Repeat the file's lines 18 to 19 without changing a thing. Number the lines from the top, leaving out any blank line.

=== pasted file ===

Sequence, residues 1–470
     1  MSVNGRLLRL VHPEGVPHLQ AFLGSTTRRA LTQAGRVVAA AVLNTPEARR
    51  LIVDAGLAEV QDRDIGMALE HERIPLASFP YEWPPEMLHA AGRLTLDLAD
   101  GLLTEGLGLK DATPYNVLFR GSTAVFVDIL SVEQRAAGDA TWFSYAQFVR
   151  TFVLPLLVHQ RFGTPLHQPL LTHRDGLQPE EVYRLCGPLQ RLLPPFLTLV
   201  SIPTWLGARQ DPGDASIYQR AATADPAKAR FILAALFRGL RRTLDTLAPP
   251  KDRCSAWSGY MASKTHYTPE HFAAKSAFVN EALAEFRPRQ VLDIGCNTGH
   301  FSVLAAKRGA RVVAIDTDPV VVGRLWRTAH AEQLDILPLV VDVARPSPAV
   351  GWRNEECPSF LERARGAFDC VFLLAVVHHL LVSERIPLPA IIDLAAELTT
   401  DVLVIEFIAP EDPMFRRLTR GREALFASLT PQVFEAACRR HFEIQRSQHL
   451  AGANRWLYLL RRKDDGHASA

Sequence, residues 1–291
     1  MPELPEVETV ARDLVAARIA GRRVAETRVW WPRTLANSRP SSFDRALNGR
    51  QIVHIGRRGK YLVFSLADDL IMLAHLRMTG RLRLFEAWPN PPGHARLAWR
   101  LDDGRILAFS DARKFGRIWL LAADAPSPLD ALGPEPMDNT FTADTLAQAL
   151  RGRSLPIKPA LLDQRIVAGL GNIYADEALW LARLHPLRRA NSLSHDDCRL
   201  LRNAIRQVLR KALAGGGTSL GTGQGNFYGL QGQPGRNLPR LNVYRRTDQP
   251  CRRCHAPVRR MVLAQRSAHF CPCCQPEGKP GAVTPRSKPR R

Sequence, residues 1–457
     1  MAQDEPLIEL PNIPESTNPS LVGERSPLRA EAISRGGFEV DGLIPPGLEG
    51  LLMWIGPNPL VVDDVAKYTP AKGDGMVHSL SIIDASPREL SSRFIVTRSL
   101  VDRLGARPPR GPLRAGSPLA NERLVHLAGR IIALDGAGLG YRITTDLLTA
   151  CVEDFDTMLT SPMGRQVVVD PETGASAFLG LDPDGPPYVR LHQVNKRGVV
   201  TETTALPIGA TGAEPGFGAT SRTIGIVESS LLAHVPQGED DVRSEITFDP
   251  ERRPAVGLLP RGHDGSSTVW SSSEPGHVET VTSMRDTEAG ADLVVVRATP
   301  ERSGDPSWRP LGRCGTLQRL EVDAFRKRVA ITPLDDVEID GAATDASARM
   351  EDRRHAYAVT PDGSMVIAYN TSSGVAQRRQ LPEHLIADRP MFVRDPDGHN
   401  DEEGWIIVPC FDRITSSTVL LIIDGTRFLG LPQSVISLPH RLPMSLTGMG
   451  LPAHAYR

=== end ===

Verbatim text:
   251  CRRCHAPVRR MVLAQRSAHF CPCCQPEGKP GAVTPRSKPR R

Sequence, residues 1–457